Israel downgraded its ties with Austria in 2000, together with members of the European Union, after the Freedom Party, then led by far-right activist Jorg Haider, was brought into the governing coalition. Haider has since resigned from the party leadership, leading European countries to restore ties. However, the Freedom Party remains in the coalition, which Israel had until last week cited as a reason for continuing the chill. Critics have called on the government to explain its shift.
Raanan Gissin, Sharon’s chief spokesman, said he could not comment since this was a private matter.
Gil Kleiman, a police spokesman, said the police are not commenting on ongoing investigations.
The Austrian investigation is the latest episode in the saga launched last January when the daily Ha’aretz reported on a $1.5 million loan given to Sharon in January 2002 by South African businessman Cyril Kern, an old friend, to serve as a collateral for a loan drawn from an Israeli bank by Omri and Gilad Sharon to pay back illegal contributions to Sharon’s 1999 Likud primary campaign.
According to published reports, the Israeli police national fraud unit has found that the money sent by Kern to the Sharon family came to Israel through an account at the Bawag bank in Vienna. Since Kern has no known business interest in Austria — and is believed to have lost much of his fortune in the early 1990s — investigators believe he might have been serving as a conduit for other donors, whom they are trying to identify.
Because of the Vienna connection, they are apparently setting their sights on Martin Schlaff, an Austrian billionaire who is known to be close to senior Israeli officials.
Schlaff is a part owner of the Oasis Casino in Jericho, which opened in September 1998 and was shut down in October 2000 following the onset of the intifada. The casino is owned by an Austrian company called Casino-Austria. Israeli media reported that he is currently trying to obtain anchorage rights to operate a casino ship off the Red Sea resort of Eilat.
On the eve of the February 2001 elections that brought Sharon to power, Schlaff allegedly hosted a meeting at his Vienna home between Omri Sharon and Mohammed Rashid, chief financial adviser to Yasser Arafat. Also reportedly present at the meeting was Dov Weisglass, who was then an attorney for both Sharon and Schlaff. He is today the prime minister’s chief of staff.
A the time, Israeli media speculated that the meeting was focusing on the possible reopening of the casino, in which Rashid is believed to be a partner. But the meeting could now receive some scrutiny in light of the new allegations.
So could another meeting in May 2002, when Schlaff and Joseph Taus, a businessman close to Austrian Chancellor Wolfgang Schuessel, met with Sharon and discussed renewing Israeli-Austrian relations, according to the Israeli daily Yediot Aharonot. The two Austrians are involved in business interests in Bulgaria with Israeli investors. Three months later, Sharon told German television that he was considering restoring relations with Austria.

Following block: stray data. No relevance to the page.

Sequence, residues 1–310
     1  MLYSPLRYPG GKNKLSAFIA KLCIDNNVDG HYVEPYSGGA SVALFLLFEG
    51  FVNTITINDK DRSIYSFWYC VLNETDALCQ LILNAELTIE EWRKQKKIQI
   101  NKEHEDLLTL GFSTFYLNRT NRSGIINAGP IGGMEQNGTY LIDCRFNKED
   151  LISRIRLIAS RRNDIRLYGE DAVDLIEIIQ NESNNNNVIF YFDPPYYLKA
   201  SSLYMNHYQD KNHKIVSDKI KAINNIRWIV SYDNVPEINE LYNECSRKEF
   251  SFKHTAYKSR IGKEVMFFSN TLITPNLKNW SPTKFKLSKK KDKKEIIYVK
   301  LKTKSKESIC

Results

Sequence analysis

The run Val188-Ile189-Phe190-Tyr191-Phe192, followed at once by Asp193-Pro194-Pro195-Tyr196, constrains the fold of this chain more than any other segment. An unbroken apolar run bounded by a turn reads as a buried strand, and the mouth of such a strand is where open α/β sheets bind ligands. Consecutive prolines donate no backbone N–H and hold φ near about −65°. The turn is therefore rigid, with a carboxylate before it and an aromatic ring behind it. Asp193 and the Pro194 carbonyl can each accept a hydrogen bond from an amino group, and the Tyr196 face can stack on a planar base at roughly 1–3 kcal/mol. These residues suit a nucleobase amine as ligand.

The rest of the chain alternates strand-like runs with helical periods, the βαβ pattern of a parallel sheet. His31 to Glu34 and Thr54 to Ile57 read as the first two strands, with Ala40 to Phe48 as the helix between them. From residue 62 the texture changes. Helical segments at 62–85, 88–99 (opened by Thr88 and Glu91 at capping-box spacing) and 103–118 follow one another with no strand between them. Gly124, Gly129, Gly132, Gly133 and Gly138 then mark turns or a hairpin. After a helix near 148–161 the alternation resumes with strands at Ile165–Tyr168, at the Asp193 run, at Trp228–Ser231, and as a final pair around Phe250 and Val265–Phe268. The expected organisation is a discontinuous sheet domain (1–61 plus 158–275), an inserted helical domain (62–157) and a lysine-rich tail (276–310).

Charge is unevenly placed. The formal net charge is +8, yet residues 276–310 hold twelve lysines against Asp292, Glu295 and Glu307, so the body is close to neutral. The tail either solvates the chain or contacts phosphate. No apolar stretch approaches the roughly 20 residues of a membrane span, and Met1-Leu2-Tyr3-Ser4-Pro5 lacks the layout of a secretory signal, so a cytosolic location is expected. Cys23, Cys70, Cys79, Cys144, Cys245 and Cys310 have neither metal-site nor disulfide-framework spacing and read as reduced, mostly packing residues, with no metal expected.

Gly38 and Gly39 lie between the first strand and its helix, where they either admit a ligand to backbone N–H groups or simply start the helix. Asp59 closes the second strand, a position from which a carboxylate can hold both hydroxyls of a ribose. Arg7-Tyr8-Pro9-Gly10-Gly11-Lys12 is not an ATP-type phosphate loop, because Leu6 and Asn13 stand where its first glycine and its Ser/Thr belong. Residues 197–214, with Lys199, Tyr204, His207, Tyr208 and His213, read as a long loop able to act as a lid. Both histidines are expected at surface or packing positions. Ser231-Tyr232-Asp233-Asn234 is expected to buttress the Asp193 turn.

Speculation about meddling by business interests was fueled last week following an Austrian press interview in which the foreign minister, Benita Ferrero-Waldner, acknowledged that business ties between Sharon’s sons and Austrian industrialists had played a role in improving bilateral relations last year. Yediot reported the interview.
Ariel Muzicant, chairman of the Austrian Jewish community, said that while he had no way to verify the allegations, he welcomed the decision to restore ties between the two nations.
Muzicant told the Forward he had written to Sharon 18 months ago asking him to restore diplomatic relations. He said he renewed his request when he met Sharon and Weisglass last April during a trip to Israel by leaders of the European Jewish Congress.
He said Schlaff knew “everyone” in Israel.
Schlaff’s name surfaced several years ago in Austria in connection with an investigation into money transferred via Austria to the Russian-born Israeli politician Avigdor Lieberman, who is currently Israel’s minister of infrastructure. Pilz, the Austrian lawmaker, confirmed that Schlaff’s name had come up in several discussions, including the Lieberman case, in the Parliament’s intelligence committee, of which he is a member.
Asked whether Schlaff was currently under investigation, he said he could not answer.